The secular and anti-monarchical culture of the twenty-first century tends to denigrate obedience and idolize individual autonomy and social freedom. Obedience is not only not admired but is seen an incomprehensible way of acting. In literature as in social life, the development of historical criticism and widespread social criticism have undermined further the theological underpinnings of obedience. Both the thought and practice of obedience are demeaned and dismissed.


Percy B. Shelley, a modern romantic poet, wrote in “Queen Mab”:


Obedience, bane of all genius, virtue, freedom, truth, makes slaves of men and of the human frame a mechanized automaton.


Bob Drinan was not a genius. But he was a human being and a civic servant. He was also a deeply religious man, a believer. Which helps one to appreciate, if not agree with, his choice to obey.


For many years he had immersed himself in that spirituality of obedience, even as he was actively involved in the routine of public policy decisions.


Bob Drinan was a firm believer in the virtue, even the vow, of obedience for his own direction. Perhaps part of his mission was also to give witness of that virtue to others. And to encourage them to live its implications.


He would be the first, I believe, to concede that the exercise of authority and the requirement for obedience would need to be adapted in modern society. Perhaps one of his greatest gifts to succeeding generations was to raise these issues for others.


Q: How can modern leaders exercise authority in a manner that encourages wider acceptance and a more mature insight into the virtue of obedience?

A: He who longs to strengthen his spirit must go beyond obedience and respect. He will continue to honor some laws but he will mostly violate both law and custom.—Constantine Cavafy (1863–1933)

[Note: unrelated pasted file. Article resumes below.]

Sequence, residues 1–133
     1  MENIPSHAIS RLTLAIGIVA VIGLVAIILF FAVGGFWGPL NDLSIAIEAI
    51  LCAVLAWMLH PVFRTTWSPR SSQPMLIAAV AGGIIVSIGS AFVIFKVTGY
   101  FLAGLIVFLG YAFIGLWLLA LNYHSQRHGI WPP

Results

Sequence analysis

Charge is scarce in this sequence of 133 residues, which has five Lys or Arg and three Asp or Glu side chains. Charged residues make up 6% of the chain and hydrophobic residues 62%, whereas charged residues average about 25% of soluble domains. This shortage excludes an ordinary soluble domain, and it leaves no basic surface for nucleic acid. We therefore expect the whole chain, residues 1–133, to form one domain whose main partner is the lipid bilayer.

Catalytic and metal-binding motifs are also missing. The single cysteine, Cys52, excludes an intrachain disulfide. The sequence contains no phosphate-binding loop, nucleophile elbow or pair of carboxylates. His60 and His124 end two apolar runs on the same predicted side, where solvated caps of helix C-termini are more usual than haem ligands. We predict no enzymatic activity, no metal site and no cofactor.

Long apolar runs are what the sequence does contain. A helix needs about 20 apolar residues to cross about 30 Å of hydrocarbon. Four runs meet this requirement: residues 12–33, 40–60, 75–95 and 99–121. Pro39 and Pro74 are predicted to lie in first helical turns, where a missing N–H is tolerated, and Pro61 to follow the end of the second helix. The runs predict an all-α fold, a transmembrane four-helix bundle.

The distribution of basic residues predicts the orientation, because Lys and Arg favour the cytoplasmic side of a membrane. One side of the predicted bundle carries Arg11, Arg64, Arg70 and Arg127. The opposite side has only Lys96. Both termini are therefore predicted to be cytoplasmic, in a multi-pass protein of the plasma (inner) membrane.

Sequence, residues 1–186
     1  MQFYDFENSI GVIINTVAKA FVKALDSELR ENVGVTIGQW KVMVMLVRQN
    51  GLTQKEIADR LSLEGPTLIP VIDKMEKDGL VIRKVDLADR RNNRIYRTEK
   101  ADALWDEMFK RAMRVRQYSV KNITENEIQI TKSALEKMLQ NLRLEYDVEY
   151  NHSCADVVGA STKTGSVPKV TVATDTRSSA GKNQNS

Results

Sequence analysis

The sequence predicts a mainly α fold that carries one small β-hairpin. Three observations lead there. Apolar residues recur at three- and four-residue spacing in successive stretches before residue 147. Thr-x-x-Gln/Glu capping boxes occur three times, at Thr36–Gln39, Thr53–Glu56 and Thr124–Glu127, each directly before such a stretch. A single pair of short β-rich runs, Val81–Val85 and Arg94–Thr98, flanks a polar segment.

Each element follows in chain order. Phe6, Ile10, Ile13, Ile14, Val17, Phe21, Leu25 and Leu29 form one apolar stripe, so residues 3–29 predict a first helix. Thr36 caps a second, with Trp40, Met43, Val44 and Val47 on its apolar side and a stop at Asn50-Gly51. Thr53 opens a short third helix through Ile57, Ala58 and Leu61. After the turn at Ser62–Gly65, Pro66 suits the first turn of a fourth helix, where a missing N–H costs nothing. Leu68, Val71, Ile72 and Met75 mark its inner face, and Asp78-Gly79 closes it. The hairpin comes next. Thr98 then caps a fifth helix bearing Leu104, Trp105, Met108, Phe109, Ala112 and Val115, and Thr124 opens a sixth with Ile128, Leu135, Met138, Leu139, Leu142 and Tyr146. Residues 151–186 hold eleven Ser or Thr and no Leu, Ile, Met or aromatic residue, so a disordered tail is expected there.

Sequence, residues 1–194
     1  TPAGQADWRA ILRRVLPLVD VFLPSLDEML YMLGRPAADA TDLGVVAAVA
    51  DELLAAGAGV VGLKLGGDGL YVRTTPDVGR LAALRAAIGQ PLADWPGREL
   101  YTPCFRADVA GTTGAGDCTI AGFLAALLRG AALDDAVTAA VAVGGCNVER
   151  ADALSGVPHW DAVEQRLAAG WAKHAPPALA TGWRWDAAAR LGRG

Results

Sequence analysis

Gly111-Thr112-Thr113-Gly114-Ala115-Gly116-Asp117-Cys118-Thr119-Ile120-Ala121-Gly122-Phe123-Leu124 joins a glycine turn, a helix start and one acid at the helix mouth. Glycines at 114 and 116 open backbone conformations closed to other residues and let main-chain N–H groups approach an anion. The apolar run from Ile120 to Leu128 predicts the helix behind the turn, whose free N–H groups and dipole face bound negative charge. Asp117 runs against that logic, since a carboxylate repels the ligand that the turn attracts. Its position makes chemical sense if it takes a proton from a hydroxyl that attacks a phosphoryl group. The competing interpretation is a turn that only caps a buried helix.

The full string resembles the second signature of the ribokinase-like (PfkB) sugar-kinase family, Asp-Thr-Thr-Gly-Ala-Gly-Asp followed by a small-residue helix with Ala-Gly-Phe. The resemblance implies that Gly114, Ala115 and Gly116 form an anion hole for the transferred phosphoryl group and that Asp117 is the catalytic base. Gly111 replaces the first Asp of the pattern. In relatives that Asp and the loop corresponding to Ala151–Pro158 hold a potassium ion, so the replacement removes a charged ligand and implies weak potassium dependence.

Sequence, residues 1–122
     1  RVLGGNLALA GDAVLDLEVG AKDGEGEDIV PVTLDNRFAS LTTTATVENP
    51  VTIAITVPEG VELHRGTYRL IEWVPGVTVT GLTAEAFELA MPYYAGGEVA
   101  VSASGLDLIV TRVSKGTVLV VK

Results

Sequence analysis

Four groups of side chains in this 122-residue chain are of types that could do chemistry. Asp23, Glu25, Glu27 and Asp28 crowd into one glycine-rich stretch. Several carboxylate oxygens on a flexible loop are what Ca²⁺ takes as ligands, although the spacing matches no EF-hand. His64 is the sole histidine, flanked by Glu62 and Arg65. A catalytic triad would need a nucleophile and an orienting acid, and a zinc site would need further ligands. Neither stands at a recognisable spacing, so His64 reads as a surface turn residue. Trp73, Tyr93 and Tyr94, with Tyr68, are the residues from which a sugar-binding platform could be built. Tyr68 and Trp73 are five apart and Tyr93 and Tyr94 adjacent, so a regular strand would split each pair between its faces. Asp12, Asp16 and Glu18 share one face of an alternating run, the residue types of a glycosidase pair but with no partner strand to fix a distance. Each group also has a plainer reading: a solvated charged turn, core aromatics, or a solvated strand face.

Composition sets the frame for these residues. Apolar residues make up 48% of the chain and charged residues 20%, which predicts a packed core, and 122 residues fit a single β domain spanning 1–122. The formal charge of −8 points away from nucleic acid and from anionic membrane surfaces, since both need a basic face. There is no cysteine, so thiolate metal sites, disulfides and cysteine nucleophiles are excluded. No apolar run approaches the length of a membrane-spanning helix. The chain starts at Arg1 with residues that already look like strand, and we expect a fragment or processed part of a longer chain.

Q: How can citizens be taught the value, the splendor, and the responsibility of obedience in this modern anti-authority society?

A: [The love of the British people and their attachment to their government] infuses into your army and navy that liberal obedience without which your army would be base rabble and your navy but rotten timber.—Edmund Burke, Second Speech on Reconciliation with America, 1775


Every once in a while in the course of history someone comes along to bear witness to a great truth: Mahatma Gandhi, Martin Luther King Jr., Dorothy Day. Their presence and obedience may baffle some, irritate others, intrigue many. It might even arouse the curiosity of someone to explore and follow that leadership and practice that obedience.


Bob Drinan’s decision to obey and leave the Congress he so loved was painful. But his appreciation of a deeper significance of obedience—its intentional, fulfilling, and witnessing value—was overriding for him. And it can be for us too.


Congressman Edward J. Markey '72

I had that unique opportunity to see [Father Drinan] both in law school and here on the House floor. And I saw him play the role of the catalyst, of the idealist, of the man who continued to push others when they say they can go no further in trying to strive for excellence and to stand up for an ideal...

When members of Congress are coming here to cast their vote, all of our names are flashed up on a board over the head of the Speaker to vote "aye" or "nay" on the key issues of our time. During the years that Father Drinan was a Congressman, as the members would look up to see how other members of Congress voted, when they looked up at Father Drinan's name, they knew he was not casting a vote looking at the next election, but rather he was looking at the next generation on every vote. And that led to almost every one of his elections being as close as an election can be, because he was not factoring in his own electoral life but rather the life of every person in our society. His vote was true north.

(From a eulogy given in Congress, February 5, 2007, and reported in the Congressional Record)